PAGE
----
I Didn’t Want to Be a Troll on Facebook

So, decided to be one on my blog.

An institution that I was part of is holding an event (at the time of writing this, the event has not happened): “Moving Faith Communities to Fruitful Conversations about Race, a panel discussion to help faith communities explore fruitful ways of moving forward.”

The website describes it as “A panel to explore ways churches can address the racial divide in America.”

Don’t get me wrong. This is an absolutely important thing that needs to happen. These conversations must take place. And if I was near the area, I’d brave the cold and attend.

But I took a scroll on the panel and the panel consists of only white and black people.
I get it — this conversation is sparked by the racial tension and unease that exist in our country.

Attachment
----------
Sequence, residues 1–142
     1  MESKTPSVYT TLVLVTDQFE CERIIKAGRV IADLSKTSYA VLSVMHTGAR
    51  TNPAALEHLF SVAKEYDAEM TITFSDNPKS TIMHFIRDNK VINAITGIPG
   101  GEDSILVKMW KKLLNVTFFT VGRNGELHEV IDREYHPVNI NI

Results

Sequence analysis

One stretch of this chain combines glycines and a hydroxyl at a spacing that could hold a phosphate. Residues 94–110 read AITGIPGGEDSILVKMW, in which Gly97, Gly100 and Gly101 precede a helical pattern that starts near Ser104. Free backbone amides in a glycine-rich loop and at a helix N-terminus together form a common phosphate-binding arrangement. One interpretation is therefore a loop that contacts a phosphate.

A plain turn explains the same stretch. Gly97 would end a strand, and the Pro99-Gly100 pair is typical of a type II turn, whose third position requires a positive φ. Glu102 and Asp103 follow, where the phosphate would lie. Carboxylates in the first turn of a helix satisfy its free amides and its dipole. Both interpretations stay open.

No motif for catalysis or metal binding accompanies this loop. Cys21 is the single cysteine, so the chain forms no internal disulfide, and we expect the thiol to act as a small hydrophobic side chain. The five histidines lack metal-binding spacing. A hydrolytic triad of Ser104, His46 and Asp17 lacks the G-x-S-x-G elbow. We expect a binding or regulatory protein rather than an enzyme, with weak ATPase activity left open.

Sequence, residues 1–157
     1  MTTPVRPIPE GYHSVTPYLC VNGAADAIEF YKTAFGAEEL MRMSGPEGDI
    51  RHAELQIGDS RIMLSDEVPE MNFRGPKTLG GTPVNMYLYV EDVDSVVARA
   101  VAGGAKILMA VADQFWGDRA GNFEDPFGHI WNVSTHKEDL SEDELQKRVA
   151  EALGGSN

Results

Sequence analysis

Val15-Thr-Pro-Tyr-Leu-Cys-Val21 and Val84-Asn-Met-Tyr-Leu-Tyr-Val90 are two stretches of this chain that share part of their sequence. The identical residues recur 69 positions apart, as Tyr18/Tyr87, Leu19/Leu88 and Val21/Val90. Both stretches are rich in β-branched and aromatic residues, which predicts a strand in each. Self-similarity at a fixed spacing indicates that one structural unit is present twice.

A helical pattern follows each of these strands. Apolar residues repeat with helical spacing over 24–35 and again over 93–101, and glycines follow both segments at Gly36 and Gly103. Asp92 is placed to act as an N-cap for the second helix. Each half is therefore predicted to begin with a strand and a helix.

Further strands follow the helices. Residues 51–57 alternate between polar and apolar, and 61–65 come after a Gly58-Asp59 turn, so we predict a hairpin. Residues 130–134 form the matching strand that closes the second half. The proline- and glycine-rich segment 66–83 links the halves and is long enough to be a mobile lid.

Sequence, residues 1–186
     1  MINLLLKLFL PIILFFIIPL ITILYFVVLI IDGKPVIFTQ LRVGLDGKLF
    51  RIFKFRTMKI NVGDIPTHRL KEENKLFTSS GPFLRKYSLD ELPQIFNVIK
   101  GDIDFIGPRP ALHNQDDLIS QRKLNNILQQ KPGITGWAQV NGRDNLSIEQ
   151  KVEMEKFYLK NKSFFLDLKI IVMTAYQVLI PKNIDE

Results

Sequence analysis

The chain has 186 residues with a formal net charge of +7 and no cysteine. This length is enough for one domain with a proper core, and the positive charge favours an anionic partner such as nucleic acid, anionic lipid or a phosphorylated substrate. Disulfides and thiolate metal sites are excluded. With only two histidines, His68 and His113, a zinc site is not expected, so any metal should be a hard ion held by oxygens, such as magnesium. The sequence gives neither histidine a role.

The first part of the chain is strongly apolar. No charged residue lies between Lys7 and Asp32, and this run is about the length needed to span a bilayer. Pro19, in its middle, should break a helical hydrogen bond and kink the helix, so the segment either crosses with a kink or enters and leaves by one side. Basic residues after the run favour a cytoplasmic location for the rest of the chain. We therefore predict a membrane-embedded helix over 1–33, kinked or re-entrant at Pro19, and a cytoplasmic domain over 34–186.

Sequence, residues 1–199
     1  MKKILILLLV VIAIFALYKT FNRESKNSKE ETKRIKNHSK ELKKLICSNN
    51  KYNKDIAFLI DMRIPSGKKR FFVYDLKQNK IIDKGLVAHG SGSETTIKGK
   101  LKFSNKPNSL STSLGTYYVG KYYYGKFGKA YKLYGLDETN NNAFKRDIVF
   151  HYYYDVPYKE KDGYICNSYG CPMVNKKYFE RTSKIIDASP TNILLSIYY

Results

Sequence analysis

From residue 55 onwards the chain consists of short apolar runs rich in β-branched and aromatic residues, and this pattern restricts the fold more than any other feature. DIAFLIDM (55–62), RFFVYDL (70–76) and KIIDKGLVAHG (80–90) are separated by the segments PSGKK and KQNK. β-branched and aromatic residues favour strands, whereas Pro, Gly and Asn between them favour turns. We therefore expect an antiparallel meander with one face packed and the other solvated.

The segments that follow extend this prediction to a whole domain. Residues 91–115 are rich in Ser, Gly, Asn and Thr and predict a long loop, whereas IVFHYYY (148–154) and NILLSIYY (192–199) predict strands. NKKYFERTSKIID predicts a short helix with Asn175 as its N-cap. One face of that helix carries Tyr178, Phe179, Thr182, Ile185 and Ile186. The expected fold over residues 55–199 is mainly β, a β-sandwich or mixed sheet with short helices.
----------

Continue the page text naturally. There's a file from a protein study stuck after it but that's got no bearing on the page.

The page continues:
But c’mon. There’s more ethnicities than black and white in our country and certainly in DC.

What? The Asian faith community can’t be part of this conversation? The Hispanic faith community?
It’ll be more truthful if they were to say this event is about “a panel to explore ways churches can address the racial divide between white and blacks in America.”

And this is a silly thing to rant about, I know. But to say that this about how faith communities can have fruitful conversations about race relations and only involve 2 different cultures, well to me, that’s almost the same thing as calling the NBA and NFL champions “World Champions.” How can they be world champions if they didn’t play the entire world? And how can this be about race conversations when it doesn’t involve any other races except blacks and whites?

Educate me, if you must.

/end stupid rant.

One thought on “I Didn’t Want to Be a Troll on Facebook

  1. Great! Thanks for enlightening, I am so often thinking of racial relations in black and white terms. This panel discussion need to take an interest all cultures affects by the Sunday divide. Coming from an AME church background which honestly the name of dominations excludes itself. Christendom has so many factions. …where do we start the conversation?

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